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Within our grasp

Published April 12, 2012, Our World Today

Video Production: Marcello Ianno

Reporter: Brianna Piazza

Would you believe it if someone told you within a decade Australia could be powered by 100 per cent renewable energy?

A renewables-powered Australia is technologically and economically feasible within 10 years with $370 billion dollars, according to Australian research.

The Zero Carbon Australia Stationary Energy Plan details how Australia can achieve a sustainable and renewable energy future by phasing out all fossil fuels.

It proposes that Australians should rely on Concentrated Solar Thermal (CST) power and wind farms for energy.

The 200-page document, produced by Beyond Zero Emissions and the University of Melbourne Research Institute, found that implementing the blueprint would require $37 billion each year over a 10-year period, which amounts to roughly three per cent of GDP.

“The idea of the study came about because we were trying to fight for renewable energy. We wanted to deal with climate change and we wanted climate solutions,” Beyond Zero Emissions executive director Matthew Wright said.

The blueprint suggests Australia could be powered by about 40 per cent wind and 60 per cent solar power which can store excess energy, enabling electricity use 24 hours a day throughout the country.

The plan involves 12 sites for CST grids with storage and 23 sites for about 6500 wind turbines around Australia.

Most of the proposed infrastructure would be completed during the second half of the decade.

Mr Wright told Our World Today that funding for a green Australia could come from a mix of private or public sources.

However, the document suggested Australians could affordably fund the plan is if each household paid an extra $8 per week.

Mr Wright says the cost of a renewably powered economy is relatively cheap considering the long-term benefits.

“We’re talking about an infrastructure that will last 25 to 50 years. In effect the cost of that energy system when translated into energy bills will mean at the end when they’re paid off there will be a significant reduction in the cost of electricity,” he said.

“In fact, in 25 years if we follow this path we’ll be paying less for electricity than we do today.”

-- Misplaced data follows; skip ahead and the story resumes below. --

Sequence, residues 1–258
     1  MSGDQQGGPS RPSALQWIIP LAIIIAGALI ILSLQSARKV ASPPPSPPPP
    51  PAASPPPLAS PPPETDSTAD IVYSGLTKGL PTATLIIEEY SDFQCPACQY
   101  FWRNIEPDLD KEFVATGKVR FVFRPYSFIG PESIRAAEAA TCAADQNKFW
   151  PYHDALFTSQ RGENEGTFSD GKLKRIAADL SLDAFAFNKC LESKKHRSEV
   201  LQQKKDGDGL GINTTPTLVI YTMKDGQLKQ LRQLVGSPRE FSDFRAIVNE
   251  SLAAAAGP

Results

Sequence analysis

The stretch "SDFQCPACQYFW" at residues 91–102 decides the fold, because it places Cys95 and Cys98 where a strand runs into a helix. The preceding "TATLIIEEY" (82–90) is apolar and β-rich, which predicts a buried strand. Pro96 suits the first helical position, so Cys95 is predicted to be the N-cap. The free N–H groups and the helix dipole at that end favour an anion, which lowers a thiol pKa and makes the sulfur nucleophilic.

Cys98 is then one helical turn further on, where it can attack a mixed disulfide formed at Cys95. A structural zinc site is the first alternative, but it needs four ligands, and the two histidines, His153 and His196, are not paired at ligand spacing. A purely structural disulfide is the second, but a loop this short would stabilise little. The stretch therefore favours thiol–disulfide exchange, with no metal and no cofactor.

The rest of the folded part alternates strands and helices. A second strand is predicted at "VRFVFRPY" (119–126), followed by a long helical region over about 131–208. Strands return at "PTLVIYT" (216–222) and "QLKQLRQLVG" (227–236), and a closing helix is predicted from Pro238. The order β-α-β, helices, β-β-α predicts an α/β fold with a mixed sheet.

A 2012 report commissioned by the Energy User’s Association of Australia has found that Australian power prices will rise by 30 per cent during the next two years.

Power prices have already risen by 40 per cent since 2007.

According to the Zero Carbon Australia 2020 Plan, a 100 per cent renewably powered Australia would create up to 80,000 jobs during construction and generate more than 45,000 permanent maintenance jobs.

“Australia has more than enough capacity to meet the challenge of achieving 100 per cent renewable energy within ten years,” it states.

“The roll-out would require approximately eight per cent of Australia’s existing construction workforce. Manufacturing half of the turbines and heliostats domestically would require three per cent of Australia’s manufacturing workforce, along with a few additional factories.”

The Federal Government aims to cut emissions by five per cent by 2020.

But a 2009 Oxfam report states that Australia needs to aim to reduce emissions by at least 40 per cent below 1990 levels by 2020.

Mr Wright says that while the government is needed to push reforms through, ordinary Australians also have a responsibility to make a difference.

“It’s really important that communities actually do stuff if their own backyard and also engage politically in making sure this stuff is being implemented … It will take people to drag the government by the scruff of the neck to do it. The sooner we get onto it the better.”

You can read a summary of the report at http://media.beyondzeroemissions.org/ZCA2020_Stationary_Energy_Synopsis_v1.pdf.

Image Source: alum.mit.edu

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One thought on “Within our grasp

  1. Pingback: Powering some change better than none at all | Brianna Piazza

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